Fort Delaware prison hosted many prominent Confederates
During its three years of service as a Civil War prison, Fort Delaware — located on Pea Patch Island in the Delaware River, a half-mile from Delaware City — housed more than 32,000 prisoners of war. Some were prominent civilians and high-ranking Confederate officers. The latter included 14 generals and one admiral, as well as hundreds of other officers.
Brig. Gen. J. Johnston Pettigrew was the first general officer prisoner at Fort Delaware. He was wounded at Fair Oaks Station on May 31, 1862, during the Battle of Seven Pines (part of the Peninsula Campaign), and left for dead on the battlefield. Discovered alive by Union soldiers and nursed back to health, he ended up in Fort Delaware until exchanged in accordance with an agreement between the Union and Confederate governments, called the Dix-Hill Cartel, on July 22, 1862.
Pettigrew would garner recognition for his role in the Pickett, Pettigrew, Trimble Charge (otherwise known as Pickett’s Charge) at the Battle of Gettysburg in July 1863. However, he was mortally wounded at Falling Waters during the Confederate retreat from Gettysburg and died three days later at Bunker Hill, W.Va.
Brig. Gen. James J. Archer was the first general captured while Gen. Robert E. Lee was in command of the Army of Northern Virginia. It happened on July 1, 1863, at Gettysburg, and Archer ended up at Johnson’s Island prisoner-of-war camp on the coast of Lake Erie.
After about a year, Union officials transferred him to Fort Delaware as part of the 600 Confederate officers (later eulogized by Confederates as the “Immortal Six Hundred”) to be sent to Morris Island in South Carolina as hostages in retaliation for Union officer prisoners reportedly being placed in the line of artillery fire in the city of Charleston.
Archer regained his freedom when exchanged in the summer of 1864, and he rejoined the army. His health had been poor for some time, and he collapsed during the Battle of Peeble’s Farm near Petersburg, Va., and died in October 1864.
Brig. Gen. Jeff Thompson, a native Virginian, was mayor of St. Joseph, Mo., when the Civil War broke out. A brigadier general in the Missouri State Guard, he was captured at his headquarters in Pocahontas, Ark., in August 1863. His first stop was Gratiot Street prison in St. Louis, then on to Johnson’s Island in Lake Erie. In the winter of 1864, he went to Point Lookout prison in Maryland before ending up at Fort Delaware in February.
Exchanged in June 1864, Thompson returned to his command in the Trans-Mississippi (the region west of the Mississippi River) until the end of the war. He eventually settled in New Orleans.
Col. Basil Duke was a Kentuckian who joined his brother-in-law John Hunt Morgan’s Lexington Rifles and was captured with Morgan during his cavalry raid through Ohio and Indiana in July 1863. Duke spent more than a year in prison, including some time at Fort Delaware, before being exchanged.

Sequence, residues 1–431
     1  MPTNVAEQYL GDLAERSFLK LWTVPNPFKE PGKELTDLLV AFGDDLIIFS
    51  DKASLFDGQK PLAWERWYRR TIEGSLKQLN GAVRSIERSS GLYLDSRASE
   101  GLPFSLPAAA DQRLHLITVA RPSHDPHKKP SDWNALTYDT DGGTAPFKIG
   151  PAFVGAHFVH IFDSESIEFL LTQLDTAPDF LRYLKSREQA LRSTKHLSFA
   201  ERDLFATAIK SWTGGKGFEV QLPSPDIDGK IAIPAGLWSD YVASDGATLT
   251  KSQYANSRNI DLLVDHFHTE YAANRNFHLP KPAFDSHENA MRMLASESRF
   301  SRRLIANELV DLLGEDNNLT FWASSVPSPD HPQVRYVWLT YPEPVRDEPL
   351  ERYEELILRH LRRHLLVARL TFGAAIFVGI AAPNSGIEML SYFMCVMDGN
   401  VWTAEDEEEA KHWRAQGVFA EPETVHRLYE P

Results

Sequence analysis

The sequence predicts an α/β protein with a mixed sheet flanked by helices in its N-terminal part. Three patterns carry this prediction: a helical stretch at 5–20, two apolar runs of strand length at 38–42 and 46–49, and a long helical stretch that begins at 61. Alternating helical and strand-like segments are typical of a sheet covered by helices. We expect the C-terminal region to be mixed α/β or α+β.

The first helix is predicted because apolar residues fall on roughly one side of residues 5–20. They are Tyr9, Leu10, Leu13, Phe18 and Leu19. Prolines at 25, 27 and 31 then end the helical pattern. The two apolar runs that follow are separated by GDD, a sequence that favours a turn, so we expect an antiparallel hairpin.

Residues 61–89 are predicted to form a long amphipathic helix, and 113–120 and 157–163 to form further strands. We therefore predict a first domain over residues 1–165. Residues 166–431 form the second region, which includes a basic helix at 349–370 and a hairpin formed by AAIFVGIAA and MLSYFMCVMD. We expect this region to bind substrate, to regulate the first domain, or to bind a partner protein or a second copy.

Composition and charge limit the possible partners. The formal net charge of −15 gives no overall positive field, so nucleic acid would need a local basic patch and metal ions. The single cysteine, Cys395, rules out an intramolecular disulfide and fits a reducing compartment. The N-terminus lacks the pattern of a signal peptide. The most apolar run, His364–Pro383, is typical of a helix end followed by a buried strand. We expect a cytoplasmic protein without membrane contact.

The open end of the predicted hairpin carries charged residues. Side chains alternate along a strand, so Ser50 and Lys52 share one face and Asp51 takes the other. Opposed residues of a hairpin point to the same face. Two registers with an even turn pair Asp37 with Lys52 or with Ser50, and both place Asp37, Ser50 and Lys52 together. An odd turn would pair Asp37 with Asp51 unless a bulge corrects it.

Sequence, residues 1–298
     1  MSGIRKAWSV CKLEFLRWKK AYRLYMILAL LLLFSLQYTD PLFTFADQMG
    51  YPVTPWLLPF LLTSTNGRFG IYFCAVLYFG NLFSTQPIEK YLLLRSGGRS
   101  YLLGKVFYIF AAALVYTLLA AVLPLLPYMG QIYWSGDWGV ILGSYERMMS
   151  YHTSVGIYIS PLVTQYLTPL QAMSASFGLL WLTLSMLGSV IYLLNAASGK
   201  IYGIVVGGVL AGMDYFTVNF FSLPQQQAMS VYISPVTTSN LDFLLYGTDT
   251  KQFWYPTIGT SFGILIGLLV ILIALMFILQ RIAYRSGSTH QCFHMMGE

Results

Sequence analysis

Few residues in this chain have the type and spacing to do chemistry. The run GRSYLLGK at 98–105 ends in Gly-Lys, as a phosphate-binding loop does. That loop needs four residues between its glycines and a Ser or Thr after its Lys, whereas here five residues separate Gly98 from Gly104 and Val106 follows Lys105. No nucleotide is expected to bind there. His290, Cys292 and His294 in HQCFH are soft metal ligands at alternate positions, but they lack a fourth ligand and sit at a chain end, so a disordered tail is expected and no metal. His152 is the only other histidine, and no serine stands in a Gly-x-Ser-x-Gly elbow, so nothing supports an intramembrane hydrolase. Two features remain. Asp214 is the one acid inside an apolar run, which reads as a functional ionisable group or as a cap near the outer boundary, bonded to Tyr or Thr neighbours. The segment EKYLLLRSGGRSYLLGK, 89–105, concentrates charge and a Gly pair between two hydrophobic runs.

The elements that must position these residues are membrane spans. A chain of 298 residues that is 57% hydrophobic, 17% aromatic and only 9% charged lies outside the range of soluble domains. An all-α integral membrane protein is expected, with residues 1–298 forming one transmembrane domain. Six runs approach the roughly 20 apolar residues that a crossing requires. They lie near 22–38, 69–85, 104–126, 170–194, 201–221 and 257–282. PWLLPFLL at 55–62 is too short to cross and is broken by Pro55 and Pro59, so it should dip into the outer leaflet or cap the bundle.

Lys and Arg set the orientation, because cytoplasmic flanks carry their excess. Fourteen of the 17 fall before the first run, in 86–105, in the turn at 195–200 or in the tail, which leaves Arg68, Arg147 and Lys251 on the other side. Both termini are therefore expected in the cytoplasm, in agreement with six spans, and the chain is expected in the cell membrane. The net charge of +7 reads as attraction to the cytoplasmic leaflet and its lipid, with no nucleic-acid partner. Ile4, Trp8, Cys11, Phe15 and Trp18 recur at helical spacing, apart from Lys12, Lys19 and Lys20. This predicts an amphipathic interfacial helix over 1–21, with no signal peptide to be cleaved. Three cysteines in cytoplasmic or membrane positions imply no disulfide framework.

He was promoted to brigadier general in September 1864, after John Hunt Morgan was killed as the result of a surprise Union cavalry attack at Greenville, Tenn., in September 1864. In April 1865, Duke escorted Confederate President Jefferson Davis during his escape from Richmond. After the war, he returned to Kentucky and became a successful lawyer.
Exemplifying family interrelationships during the Civil War, John Hunt Morgan was Duke’s wife’s brother, and his wife’s sister was married to Confederate Lt. Gen. A.P. Hill. Duke was also related to Union Gens. Irvin McDowell and John Buford.
Bailey Peyton Key, a grandson of Francis Scott Key — the author of “The Star-Spangled Banner” — was the youngest military prisoner at Fort Delaware. He had joined the 14th Tennessee Cavalry at age 12 and was captured on May 29, 1863, at age 13, as a member of John Hunt Morgan’s command.
While Gen. Jeff Thompson was at Fort Delaware, Bailey served as his orderly. The young boy refused to take the oath of allegiance to the United States and stayed at Fort Delaware until February 1865. After his release, he returned to his old outfit and served in then-Brig. Gen. Basil Duke’s brigade.
The Rev. Isaac W.K. Handy was a Presbyterian minister from Portsmouth, Va. In June 1863, Union authorities learned that he had expressed secessionist views while visiting his in-laws in Delaware and imprisoned him in Fort Delaware.
Given the freedom of the prison, Handy preached and ministered to the prisoners, totaling about 15,000 at that time, and brought about a surge in religious activities at Fort Delaware. That led to the construction of a chapel by the prisoners themselves.
These six prisoners are examples of the many prominent Confederates and their sympathizers who spent time at Fort Delaware. Given the size of the prison population there during the Civil War, many more such stories could undoubtedly be told.
A visit to Fort Delaware State Park — where reenactors relate the story of life in a Civil War prison — is an experience that people of all ages do not want to miss. For more information about planning a visit to Pea Patch Island, call (302) 834-7941 or go online at www.destateparks.com/park/fort-delaware.
Thomas J. Ryan is a Civil War author and speaker and former president of the Central Delaware Civil War Round Table in Dover. He lives in Bethany Beach. Contact him at email@example.com.